It's the same thing every few months. Televised games are announced, games are moved and rescheduled to any given day over a weekend.
It's not an ideal system by any means but, given the havoc European commitments and the latter stages of the FA Cup can cause not least an inherent inability to foresee dead rubbers and vital fixtures in the run-in, it's understandable and unfortunately the only practical way in the modern game. It's also certainly better than the shambles of organisation in other leagues, La Liga for example.
Football fans have largely accepted this state of play. Any regular traveller knows full well never to assume a 3pm Saturday kick-off and not to book their travel arrangements until televised fixtures are announced.
Changing the rules
What is not acceptable is breaking with this convention. The Premier League and Sky Sports are aware of this. Their rescheduling of Everton vs Newcastle next month is just the latest egregious example of their disregard for travelling supporters, who are such an asset of the product they sell.
In late February, the televised fixtures and changes were announced for the weekend of April 20th. It was decided that Arsenal would play West Ham on the Monday night slot. For travelling Newcastle fans, they could safely assume their team would play at 3pm on the Saturday, as had been announced by the Premier League.
However, with Arsenal likely to progress to a Europa League semi-final that week - a surely foreseeable outcome - their fixture against West Ham had been moved forward to earlier that weekend, leaving a televised Monday night slot free.
Last week, it was announced Newcastle's trip to Everton was moved to that slot, long after hundreds of fans had booked (often non-refundable) travel and accommodation. That's not to mention the work or home commitments that might make the 300-mile round trip impossible on a weeknight.
Those in power know that hundreds of pounds will have been wasted by dedicated supporters. But for them, this is simply acceptable collateral damage in getting another game on television.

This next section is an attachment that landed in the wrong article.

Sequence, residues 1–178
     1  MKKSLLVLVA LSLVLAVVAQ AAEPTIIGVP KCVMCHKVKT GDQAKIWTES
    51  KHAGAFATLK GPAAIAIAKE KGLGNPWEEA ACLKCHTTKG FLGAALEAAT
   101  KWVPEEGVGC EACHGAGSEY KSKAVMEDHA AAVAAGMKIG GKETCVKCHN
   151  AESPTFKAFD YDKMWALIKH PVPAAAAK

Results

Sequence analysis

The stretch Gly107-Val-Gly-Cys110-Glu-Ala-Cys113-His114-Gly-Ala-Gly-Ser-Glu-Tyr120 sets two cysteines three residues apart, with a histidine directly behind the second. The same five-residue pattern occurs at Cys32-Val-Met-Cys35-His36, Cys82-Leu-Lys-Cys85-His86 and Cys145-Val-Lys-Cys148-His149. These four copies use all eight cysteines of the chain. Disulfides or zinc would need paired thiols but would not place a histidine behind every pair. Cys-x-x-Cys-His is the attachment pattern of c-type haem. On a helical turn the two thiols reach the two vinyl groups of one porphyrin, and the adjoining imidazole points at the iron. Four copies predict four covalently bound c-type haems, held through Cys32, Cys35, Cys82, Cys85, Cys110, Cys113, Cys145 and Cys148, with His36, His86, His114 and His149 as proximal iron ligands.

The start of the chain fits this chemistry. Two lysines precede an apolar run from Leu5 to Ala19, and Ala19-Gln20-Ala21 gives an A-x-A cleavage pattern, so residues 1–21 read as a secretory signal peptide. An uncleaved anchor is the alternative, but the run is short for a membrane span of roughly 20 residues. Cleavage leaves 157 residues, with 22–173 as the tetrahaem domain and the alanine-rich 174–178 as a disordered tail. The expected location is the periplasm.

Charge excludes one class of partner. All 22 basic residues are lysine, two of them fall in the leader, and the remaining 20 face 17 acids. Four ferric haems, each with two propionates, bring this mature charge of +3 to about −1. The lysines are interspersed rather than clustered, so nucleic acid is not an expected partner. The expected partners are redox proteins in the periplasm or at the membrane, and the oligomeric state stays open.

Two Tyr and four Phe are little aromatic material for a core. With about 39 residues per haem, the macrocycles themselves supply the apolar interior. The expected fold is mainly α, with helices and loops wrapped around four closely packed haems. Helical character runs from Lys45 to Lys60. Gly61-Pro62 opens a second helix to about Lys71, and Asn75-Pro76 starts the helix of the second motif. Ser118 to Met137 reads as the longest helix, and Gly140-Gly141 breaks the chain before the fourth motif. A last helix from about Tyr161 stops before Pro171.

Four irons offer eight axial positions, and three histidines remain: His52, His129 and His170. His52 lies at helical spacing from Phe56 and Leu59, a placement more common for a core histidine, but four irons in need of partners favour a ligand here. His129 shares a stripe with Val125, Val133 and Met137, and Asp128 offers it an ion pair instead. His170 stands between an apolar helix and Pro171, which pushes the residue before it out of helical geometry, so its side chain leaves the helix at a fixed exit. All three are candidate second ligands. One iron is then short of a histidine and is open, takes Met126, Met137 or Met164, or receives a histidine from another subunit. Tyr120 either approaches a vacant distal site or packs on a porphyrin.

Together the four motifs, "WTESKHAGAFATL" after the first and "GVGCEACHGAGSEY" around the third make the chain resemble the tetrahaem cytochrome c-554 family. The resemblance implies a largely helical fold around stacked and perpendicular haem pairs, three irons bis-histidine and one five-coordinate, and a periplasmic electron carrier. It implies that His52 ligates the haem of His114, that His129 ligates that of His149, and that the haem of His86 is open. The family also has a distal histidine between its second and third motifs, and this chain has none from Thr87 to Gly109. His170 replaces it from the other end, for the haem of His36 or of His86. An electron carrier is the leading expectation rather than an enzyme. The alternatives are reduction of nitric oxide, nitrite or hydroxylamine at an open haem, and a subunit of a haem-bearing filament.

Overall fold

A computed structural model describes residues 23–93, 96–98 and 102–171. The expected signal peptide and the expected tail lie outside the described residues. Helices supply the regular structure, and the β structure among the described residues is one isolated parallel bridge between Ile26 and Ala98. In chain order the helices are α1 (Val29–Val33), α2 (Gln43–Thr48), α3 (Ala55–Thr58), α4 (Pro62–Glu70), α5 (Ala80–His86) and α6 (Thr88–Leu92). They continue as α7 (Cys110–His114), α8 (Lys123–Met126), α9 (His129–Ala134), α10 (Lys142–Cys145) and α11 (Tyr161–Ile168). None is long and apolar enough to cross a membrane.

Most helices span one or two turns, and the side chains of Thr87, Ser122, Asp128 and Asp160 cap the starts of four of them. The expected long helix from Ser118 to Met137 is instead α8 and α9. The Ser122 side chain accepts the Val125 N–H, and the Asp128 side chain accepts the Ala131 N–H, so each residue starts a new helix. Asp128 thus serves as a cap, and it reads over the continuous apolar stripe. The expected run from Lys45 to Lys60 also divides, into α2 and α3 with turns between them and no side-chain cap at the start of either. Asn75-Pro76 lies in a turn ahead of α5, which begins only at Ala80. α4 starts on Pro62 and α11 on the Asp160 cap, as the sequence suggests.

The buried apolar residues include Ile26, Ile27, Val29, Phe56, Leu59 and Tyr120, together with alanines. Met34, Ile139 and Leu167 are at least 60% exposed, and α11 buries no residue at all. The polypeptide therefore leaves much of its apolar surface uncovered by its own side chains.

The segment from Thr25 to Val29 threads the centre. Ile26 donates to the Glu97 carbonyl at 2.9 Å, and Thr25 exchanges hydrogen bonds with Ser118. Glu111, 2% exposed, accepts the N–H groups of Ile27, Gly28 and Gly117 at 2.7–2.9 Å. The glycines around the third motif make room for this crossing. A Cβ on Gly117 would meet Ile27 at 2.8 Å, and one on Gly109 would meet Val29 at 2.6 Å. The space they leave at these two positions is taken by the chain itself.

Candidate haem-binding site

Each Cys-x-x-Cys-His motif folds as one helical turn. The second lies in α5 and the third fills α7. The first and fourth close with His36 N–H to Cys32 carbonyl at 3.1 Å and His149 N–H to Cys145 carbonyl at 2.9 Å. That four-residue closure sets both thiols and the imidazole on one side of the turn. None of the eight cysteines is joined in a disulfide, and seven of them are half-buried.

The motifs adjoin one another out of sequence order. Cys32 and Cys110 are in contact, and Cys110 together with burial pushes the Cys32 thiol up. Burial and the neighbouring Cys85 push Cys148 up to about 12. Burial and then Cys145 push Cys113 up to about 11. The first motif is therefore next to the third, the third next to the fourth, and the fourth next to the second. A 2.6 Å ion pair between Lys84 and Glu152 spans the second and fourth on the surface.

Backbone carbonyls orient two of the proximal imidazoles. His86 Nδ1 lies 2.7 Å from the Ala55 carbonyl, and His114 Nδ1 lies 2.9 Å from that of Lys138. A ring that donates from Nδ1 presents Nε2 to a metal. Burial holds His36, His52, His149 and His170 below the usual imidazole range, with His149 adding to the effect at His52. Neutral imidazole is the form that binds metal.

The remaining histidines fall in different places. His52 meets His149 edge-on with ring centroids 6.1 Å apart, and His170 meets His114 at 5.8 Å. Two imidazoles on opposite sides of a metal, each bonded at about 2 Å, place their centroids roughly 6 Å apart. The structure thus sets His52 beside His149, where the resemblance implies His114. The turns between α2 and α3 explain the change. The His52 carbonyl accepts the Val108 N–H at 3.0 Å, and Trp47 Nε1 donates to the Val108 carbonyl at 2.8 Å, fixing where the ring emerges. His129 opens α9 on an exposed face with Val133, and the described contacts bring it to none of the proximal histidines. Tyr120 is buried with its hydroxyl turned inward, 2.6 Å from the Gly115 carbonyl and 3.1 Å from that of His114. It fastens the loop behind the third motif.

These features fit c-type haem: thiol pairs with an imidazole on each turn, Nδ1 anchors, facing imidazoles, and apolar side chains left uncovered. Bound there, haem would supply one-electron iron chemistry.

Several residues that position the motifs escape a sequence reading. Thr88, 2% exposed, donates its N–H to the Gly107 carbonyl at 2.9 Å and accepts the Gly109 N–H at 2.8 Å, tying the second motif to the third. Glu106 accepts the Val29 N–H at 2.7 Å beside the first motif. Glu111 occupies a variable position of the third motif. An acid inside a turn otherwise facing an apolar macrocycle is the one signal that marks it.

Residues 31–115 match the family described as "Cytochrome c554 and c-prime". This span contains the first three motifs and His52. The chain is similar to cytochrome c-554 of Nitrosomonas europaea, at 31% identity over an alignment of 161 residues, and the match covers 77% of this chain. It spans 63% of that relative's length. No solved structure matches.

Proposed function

Newcastle have announced they will refund the ticket costs for any supporters unable to make the match but not any travel or accommodation costs.
However, despite the fact the Premier League have an agreement that they will attempt to schedule any fixture six weeks in advance, they face no consequences when breaking this agreement.
It may well be that television contracts must be honoured by the Premier League but, if that's the case, they should offer full reimbursements to fans unable to make it at the very least. They have the money do so.
A good atmosphere and a full stadium is vital to the image that the Premier League wants to project to the world. Supporters are one of their biggest assets, and they are being taken advantage of. They will continue to do so unless a stand is taken - and to do so, supporters of all clubs must come together and make it clear they will not accept this.
The last thing the Premier League wants is empty stands, like in Italy, or a lack of travelling away support, like in Spain.
A wider picture
It's often argued that the Premier League is a great success story of modern England, establishing a global powerhouse after the problems that marred football in the 1980s. Some argue that Margaret Thatcher waged war on football and that the success of the Premier League is evidence of her losing that war.
But examples such as this recent debacle are inherently Thatcherite. Match-going supporters have been hung out to dry by one private company and, having booked trains, will likely be unrefunded and overcharged by another.
Thatcher didn't wage war on football. She waged war on the working classes that supported it. Increasingly, they are becoming priced out as the game becomes the preserve daytrippers, tourists and an affluent middle class.
The sanitised product the Premier League sells is Thatcher's vision of football. Working people disregarded and left behind. She won.
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